University of Wisconsin–Milwaukee

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AstroBreaks

Summer 2014 Shows

AstroBreaks are free planetarium shows from 12:15-12:45 p.m. on select Wednesdays. All are welcome!

Each program includes a description of the night sky and some of its treasures, along with exploration of a special astronomical topic.  This summer, AstroBreaks will feature guest lecturers from the UWM Physics Department! 

June 11: A star is born: how stars form from the interstellar gas
Guest Lecturer: Phil Chang
Stars like humans are born, live and die.  This is a story of how they come into being

July 9: The mystery of dark matter

Guest Lecturer: Laleh Sadeghian
The mysterious Dark Matter outweighs ordinary matter; all of the atoms that make up stars, galaxies and clouds in the cosmosby a factor of four to one.  We'll discuss the evidence for the universe's great mystery and what it could be.  

July 16: Playing detective with stars

Guest Lecturer: Astrid Lamberts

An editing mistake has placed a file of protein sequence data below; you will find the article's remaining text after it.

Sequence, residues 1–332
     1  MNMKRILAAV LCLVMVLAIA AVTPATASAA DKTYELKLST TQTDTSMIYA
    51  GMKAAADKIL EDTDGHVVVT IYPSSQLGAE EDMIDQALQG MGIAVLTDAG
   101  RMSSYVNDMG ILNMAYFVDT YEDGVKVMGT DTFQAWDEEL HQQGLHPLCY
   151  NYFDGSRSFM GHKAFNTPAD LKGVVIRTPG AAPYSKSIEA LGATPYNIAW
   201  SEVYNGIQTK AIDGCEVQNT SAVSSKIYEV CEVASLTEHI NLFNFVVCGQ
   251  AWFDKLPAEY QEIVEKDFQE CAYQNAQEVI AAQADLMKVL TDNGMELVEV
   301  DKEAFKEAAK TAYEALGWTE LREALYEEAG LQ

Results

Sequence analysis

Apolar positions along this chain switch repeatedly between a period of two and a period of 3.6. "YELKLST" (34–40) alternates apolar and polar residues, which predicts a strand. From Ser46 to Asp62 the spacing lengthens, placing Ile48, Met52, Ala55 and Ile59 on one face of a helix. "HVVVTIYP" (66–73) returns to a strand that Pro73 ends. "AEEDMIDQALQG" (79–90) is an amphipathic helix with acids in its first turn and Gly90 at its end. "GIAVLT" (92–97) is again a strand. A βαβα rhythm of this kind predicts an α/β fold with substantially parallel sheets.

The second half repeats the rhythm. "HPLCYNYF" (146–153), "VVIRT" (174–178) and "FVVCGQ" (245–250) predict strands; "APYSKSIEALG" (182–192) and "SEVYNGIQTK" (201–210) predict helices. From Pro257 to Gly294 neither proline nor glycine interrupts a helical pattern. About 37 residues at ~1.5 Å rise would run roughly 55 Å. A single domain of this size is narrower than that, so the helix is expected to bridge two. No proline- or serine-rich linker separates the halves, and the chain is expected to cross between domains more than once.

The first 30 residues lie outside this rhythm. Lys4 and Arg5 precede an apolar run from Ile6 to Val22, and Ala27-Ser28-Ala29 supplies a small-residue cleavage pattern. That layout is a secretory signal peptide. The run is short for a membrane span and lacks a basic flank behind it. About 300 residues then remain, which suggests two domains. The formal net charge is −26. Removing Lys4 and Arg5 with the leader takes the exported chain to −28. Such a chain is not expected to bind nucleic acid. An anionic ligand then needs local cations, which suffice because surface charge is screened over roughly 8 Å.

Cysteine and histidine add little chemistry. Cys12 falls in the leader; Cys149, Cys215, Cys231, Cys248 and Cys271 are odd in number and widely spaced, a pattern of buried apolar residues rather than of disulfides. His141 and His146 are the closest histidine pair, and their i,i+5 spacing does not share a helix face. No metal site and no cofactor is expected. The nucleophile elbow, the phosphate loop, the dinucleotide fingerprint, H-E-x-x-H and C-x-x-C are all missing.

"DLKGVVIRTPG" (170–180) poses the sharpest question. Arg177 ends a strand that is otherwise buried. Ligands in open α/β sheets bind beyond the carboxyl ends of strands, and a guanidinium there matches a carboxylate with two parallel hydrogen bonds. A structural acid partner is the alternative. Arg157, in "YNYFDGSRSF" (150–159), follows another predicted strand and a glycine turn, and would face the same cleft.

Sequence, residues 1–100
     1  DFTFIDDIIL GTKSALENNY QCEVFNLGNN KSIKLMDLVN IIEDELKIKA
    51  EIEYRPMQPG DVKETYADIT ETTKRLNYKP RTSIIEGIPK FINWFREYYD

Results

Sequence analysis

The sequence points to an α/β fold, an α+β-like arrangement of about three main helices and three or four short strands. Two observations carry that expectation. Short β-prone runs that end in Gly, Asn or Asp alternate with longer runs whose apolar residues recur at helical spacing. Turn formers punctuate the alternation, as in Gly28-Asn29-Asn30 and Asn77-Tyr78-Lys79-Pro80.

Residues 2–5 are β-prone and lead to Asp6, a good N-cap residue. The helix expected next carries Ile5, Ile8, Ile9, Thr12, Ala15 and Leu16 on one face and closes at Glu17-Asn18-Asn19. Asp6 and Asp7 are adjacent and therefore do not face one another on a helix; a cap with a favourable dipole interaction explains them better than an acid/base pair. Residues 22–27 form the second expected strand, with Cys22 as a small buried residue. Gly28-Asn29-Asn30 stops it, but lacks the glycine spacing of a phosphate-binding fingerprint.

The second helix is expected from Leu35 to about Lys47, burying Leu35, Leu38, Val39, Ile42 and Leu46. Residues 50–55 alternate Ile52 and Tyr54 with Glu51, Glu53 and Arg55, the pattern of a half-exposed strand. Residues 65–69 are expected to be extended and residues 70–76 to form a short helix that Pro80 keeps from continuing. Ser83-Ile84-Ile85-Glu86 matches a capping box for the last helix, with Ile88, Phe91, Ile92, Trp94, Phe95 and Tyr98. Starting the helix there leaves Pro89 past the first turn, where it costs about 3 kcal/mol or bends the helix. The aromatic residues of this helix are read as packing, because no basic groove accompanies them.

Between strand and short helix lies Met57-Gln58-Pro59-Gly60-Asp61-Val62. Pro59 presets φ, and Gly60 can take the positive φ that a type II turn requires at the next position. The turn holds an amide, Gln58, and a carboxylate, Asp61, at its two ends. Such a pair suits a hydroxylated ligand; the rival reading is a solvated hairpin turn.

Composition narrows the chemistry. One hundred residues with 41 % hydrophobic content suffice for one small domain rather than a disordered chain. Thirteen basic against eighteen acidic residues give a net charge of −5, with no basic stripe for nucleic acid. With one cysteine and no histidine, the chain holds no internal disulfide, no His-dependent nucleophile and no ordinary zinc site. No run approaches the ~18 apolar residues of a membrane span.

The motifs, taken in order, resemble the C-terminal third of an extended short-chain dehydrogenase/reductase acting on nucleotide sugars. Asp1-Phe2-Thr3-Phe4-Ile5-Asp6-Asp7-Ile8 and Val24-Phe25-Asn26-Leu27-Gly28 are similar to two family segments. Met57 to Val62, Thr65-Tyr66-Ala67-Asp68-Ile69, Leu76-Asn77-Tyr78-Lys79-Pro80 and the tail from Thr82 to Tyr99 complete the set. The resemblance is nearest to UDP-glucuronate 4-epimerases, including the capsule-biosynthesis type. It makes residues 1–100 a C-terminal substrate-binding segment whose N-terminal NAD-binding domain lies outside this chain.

By looking at dead stars, astronomers learn about the evolution and composition of all types of stars.  In this presentation, we will do "stellar investigations" and try to get some clues about stellar life by looking at the intriguing yet beautiful remnants they leave behind. 
 
August 20: Kilonovae: The source of all gold on Earth?

Guest Lecturer: Laura Nuttall
Kilonova explosions occur through the collision of a pair of superdense objects called neutrons stars or a neutron star and black home.  Quite different to supernovae, these events are much dimmer and only one kilonova has ever been reported.  We'll discuss these fascinating events and how our jewelry might be made of colliding star stuff!
 
August 27: When galaxies collide: detecting gravitational waves with pulsars
Guest Lecturer: Joseph Simon
Using observations of pulsars, rapidly rotating neutron stars that emit radio pulses, we can observe the gravitational signature of merging supermassive black holes. 

September 3: Secrets of the Sun
Guest Lecturer: Uma Garg
The Sun, as the nearest star to Earth, is the one we know best.  Most of the Sun's energy is produced by nuclear fusion reactions which help balance the gravitational pull toward its center.  The main objective of this presentation will be to discuss the structure of the Sun and address the basic problems in solar physics such as the causes of sunspots on the Sun, the causes of flares, and the evolution of the Sun over time. 

September 10: Adventure in the Stratosphere I
The Director of the UWM Planetarium was chosen by NASA to be one of the 24 Airborne Astronomy Ambassadors to fly at 45,000 feet with SOFIA.  This first installment will focus on what SOFIA is and the preparation to participate.

Archive of past Astrobreaks.